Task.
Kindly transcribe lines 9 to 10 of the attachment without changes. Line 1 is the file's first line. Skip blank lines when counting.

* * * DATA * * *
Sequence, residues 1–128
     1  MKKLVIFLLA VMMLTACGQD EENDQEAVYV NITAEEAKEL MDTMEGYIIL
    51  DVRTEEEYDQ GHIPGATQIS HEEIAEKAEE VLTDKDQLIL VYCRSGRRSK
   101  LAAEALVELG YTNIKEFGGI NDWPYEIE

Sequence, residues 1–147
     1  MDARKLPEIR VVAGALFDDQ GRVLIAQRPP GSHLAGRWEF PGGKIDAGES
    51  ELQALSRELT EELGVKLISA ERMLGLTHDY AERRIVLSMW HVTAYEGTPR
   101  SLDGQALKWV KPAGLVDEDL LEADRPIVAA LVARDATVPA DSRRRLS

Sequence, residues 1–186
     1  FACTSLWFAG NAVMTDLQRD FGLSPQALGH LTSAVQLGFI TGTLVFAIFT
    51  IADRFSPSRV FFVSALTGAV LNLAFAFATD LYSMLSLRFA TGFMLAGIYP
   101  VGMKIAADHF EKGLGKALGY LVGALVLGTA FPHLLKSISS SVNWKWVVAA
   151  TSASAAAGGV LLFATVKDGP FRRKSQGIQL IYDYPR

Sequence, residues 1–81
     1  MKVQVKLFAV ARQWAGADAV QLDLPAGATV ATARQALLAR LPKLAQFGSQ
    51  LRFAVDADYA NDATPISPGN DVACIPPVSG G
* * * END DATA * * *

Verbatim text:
Sequence, residues 1–186
     1  FACTSLWFAG NAVMTDLQRD FGLSPQALGH LTSAVQLGFI TGTLVFAIFT